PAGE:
If you’re looking for two words to encapsulate the action today in electric rider pallet trucks, here they are:
They apply whether you’re talking about the latest developments from enclosed cab designs to lithium-ion batteries to autonomous capabilities. In every case, workflow and/or safety are enhanced with recent advances in these trucks. But first, let’s establish what has not changed.
“Electric rider pallet trucks continue to have three primary applications,” explains Jim Hess, Yale’s director of warehouse business development. “They are used as low-level orderpickers, for loading and unloading at docks, and for transporting loads from Point A to Point B,” he says.
While those are the top three uses for electric riders, electric riders are not the only trucks used in these applications, says Bill Pedriana, chief marketing officer at Big Joe. Depending on how demanding those tasks are, users tend to follow an ascendancy in the trucks they buy, he adds.
“The 30,000-foot look here is the simplest tasks start with a manual walkie and then move up to an electric walkie. From there, they move to an electric rider and finally to an autonomous electric rider pallet truck,” Pedriana explains.
(There is, of course, a philosophical question when it comes to autonomous trucks. Are they really a rider since no one necessarily rides? But rather than getting into philosophy here, we’re just going to say YES since they look exactly like any other electric rider lift truck. And in some cases, there is still a rider. More on that not so fine point in a minute.)
By all indications, the latest developments in electric rider pallet trucks are sure to maintain their position as the primary materials handling workhorse in most any facility.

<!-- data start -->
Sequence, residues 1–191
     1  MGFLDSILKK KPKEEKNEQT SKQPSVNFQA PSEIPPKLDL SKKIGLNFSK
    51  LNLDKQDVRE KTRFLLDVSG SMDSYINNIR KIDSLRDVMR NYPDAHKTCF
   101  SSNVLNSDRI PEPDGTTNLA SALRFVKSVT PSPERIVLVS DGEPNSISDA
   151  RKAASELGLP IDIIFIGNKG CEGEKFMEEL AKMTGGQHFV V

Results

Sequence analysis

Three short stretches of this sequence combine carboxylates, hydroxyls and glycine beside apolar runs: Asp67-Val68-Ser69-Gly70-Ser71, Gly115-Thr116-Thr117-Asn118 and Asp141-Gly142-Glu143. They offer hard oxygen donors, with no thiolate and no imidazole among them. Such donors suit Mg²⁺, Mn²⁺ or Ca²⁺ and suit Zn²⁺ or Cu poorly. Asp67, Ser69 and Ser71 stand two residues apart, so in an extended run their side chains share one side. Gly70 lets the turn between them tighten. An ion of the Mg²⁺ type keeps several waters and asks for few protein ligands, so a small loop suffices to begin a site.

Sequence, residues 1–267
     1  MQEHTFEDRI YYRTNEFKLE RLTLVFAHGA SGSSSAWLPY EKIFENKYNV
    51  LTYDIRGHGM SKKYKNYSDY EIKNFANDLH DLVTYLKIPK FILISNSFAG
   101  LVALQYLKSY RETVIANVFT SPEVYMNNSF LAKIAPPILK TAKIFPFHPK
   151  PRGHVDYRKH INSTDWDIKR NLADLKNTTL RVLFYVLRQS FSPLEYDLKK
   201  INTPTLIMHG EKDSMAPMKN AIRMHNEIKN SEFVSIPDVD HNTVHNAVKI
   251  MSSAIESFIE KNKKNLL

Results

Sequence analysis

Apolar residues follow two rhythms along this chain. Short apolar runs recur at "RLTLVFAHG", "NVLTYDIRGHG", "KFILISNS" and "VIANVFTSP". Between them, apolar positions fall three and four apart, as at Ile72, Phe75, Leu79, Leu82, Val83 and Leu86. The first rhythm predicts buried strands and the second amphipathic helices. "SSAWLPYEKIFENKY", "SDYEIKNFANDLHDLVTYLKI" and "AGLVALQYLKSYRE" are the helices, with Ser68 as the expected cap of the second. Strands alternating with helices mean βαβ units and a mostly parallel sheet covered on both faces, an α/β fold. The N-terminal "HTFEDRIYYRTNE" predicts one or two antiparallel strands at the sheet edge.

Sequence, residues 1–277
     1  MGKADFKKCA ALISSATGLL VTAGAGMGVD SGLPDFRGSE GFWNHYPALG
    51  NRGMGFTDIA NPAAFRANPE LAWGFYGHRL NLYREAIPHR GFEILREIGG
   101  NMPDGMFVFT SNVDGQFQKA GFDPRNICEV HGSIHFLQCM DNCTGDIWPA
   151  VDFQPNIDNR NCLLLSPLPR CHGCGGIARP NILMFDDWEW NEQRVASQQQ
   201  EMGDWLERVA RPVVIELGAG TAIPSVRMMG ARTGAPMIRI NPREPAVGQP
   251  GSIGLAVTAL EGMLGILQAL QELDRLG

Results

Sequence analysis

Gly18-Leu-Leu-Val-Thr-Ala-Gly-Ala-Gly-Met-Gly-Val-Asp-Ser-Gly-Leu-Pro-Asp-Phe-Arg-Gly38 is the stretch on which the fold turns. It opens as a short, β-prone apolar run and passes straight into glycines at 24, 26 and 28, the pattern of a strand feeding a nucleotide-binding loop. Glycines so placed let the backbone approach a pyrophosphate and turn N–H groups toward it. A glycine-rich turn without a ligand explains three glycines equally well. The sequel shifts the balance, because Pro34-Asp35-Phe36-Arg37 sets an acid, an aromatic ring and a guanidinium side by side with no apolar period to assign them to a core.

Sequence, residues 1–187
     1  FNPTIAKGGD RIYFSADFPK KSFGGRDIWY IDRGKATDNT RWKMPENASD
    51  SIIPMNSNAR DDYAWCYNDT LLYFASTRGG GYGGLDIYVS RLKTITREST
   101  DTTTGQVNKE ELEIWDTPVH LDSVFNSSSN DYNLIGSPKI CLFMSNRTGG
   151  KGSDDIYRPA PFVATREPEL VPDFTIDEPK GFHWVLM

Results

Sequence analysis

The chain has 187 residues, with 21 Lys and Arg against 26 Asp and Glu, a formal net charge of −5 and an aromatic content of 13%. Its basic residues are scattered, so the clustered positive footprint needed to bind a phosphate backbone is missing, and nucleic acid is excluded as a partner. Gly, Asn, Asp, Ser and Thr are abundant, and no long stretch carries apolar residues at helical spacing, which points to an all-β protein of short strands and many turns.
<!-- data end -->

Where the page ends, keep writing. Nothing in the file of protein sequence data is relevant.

Talk to Bill Byrd, Toyota’s senior manager for national accounts sales, and you get his perspective on where riders ride on these trucks. Yes, it is changing.
Traditionally, these trucks were end riders. Byrd calls it a staple. But now that’s shifting to a center rider, some with an enclosed cab for the operator. “The shift better protects the operator from impacts,” he says. But the enclosed cab models are twice the cost of end rider pallet trucks.
“For the companies that buy the enclosed cab, safety awareness is a core value. And for these companies, that value is sufficiently important that ROI is a very secondary consideration. If it is even a factor in the buying decision,” says Byrd.
Enclosed riders are typically embraced by larger companies, says Chad Kritzman, product manager for lift trucks at The Raymond Corp. He tells the story of one food service company that has 700 enclosed cab riders across its distribution network. “The health and safety of the operator as well as their personal security far outweighed any ROI considerations,” Kritzman says.
In addition to protecting the operator with the position of the cab, these trucks typically feature vibration-absorbing deck pads that reduce rider fatigue. Pads in critical areas of the cab provide much the same comfort for other common fatigue points on the operator.
The size of the cab is important, too. Hess of Yale talks about accommodating a size 13 boot. Kritzman focuses on extra space in the cab, which is especially important in making room for an operator wearing a cold storage suit in a refrigerated or freezer application. Both are a visual that connects quickly with operators.